Inclusive Design for Economic Empowerment at New DRC Coffee Facility

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Afternoon sunlight on the brick walls outside the offices of the forthcoming CPNCK Coffee cooperative facility. University of Buffalo press photo.

Local crews are putting the finishing touches on a new coffee facility in the Democratic Republic of the Congo (DRC) that might help inform future inclusive coffee facility designs.

Located on the Idjwi Island in Lake Kivu — an area regarded for its abundant potential to produce high-quality arabica coffee — the coffee facility will serve as an administrative headquarters for the CPNCK coffee cooperative, while providing cupping, training and other quality-control areas.

The project represents a major milestone for the growing coffee cooperative, which was able to ship its first full container of green coffee to Starbucks in 2018, and a major victory for Congo’s re-emerging, high-ceilinged coffee sector as a whole in terms of value chain development.

Yet the facility also represents a breakthrough in inclusive facility design, particularly for the island’s landmine survivors and others who have suffered from the vestiges of decades of civil conflict.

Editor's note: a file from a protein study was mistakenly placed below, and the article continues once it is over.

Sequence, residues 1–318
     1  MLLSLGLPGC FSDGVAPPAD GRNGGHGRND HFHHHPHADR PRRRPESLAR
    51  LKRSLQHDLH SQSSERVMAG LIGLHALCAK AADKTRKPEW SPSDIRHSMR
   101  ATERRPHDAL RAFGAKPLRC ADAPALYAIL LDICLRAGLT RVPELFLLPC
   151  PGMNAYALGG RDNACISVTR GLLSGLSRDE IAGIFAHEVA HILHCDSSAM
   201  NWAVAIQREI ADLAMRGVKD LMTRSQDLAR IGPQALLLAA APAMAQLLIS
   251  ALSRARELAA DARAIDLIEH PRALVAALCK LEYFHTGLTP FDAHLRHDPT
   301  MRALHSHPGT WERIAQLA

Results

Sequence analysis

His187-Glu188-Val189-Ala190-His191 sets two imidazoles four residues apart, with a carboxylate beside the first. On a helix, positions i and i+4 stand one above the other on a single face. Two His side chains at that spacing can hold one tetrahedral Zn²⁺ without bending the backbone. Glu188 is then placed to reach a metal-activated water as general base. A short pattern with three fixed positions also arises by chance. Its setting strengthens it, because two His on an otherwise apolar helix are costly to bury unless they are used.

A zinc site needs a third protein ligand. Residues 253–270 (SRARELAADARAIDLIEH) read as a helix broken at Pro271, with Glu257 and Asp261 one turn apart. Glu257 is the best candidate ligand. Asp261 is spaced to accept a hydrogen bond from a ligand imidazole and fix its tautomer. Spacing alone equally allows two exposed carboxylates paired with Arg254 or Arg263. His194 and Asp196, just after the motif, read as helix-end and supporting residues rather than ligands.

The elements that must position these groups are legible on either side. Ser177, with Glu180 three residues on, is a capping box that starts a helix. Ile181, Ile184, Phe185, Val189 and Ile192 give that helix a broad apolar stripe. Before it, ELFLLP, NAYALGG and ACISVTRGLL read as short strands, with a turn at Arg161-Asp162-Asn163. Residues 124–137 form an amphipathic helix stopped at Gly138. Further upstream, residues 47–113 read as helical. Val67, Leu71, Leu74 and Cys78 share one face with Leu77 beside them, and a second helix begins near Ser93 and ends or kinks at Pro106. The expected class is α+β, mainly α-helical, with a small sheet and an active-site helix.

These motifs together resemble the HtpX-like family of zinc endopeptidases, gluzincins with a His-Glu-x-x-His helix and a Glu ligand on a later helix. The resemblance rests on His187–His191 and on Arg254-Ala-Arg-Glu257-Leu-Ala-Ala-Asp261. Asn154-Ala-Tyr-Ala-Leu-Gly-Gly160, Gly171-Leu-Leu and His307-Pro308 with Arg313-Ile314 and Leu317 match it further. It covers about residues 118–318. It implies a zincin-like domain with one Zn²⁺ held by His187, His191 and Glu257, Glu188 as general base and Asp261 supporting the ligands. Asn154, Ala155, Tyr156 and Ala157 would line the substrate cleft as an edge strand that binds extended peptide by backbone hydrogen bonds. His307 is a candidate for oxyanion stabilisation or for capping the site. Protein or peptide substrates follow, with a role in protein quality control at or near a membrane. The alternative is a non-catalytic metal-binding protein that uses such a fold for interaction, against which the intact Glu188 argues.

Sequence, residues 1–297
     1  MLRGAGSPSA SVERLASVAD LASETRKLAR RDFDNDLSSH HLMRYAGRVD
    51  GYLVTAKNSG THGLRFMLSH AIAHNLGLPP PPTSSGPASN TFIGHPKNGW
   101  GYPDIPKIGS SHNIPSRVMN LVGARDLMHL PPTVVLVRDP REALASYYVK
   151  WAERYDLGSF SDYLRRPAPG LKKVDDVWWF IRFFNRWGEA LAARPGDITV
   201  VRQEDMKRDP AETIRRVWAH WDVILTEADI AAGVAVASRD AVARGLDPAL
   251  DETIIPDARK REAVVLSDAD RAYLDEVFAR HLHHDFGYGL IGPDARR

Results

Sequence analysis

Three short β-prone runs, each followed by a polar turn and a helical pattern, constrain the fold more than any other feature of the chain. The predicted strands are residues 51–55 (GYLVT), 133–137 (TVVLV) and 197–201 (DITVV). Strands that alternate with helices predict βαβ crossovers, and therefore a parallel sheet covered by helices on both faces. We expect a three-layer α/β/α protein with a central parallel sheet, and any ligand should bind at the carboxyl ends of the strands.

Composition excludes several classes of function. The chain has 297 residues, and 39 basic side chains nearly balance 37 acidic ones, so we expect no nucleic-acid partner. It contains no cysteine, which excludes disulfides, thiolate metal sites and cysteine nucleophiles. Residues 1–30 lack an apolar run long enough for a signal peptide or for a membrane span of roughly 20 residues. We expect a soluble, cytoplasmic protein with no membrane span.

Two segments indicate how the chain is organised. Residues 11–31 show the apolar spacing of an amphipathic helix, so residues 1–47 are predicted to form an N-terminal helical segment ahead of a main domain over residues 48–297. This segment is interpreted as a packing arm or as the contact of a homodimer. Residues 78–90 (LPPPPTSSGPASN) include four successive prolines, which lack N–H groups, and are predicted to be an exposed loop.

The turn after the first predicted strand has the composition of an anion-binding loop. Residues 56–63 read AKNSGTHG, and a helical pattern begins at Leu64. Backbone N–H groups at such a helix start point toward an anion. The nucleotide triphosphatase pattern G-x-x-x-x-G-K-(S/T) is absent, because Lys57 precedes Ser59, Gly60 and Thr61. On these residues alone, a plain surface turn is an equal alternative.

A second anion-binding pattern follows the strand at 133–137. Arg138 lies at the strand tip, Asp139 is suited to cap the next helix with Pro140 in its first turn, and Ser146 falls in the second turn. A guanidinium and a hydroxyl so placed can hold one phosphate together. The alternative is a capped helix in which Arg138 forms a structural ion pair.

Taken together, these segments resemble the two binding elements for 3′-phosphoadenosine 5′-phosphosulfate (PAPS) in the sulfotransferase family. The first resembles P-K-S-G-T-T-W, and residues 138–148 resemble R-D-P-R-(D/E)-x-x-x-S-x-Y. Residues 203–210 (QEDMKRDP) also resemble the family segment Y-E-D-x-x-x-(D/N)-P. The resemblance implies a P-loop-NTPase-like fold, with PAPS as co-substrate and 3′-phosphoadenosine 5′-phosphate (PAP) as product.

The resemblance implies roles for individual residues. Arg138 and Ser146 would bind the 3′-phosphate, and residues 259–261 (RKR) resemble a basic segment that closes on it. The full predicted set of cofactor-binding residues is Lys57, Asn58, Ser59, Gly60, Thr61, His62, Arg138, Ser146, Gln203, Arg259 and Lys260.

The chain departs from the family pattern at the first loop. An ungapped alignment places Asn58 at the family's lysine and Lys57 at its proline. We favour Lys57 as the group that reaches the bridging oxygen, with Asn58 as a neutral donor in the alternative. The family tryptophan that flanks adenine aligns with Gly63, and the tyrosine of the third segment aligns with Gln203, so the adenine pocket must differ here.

The facility project, which was outlined at the 2019 Specialty Coffee Expo in Boston, is being led by the Massachusetts nonprofit Polus Center, with funding from the U.S. Department of State’s Bureau of Weapons Removal and Abatement.


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An architectural team from the University of Buffalo led the inclusive design — incorporating cupping tables of multiple heights, ramps for coffee transportation and wheelchairs, and other features designed to accommodate people missing limbs or those who are hard of seeing — while adhering to traditional local construction materials and local practices.

“We’re enthusiastic for what this collaboration will do for the region,” Korydon Smith, UB architecture department chair and co-founder of the UB Community for Global Health Equity, said in an announcement of the nearly finished project. “The training center will bolster coffee quality in the region while providing conflict survivors, women and people with disabilities access to coffee-sector employment.”

The UB team has been working with the Coffee Quality Institute to help forge new architectural-design standards for coffee facilities to better include people with disabilities. The group is also creating a series of prototypes that might be able to be replicated in other post-conflict zones such as parts of Colombia, Nicaragua or Colombia.

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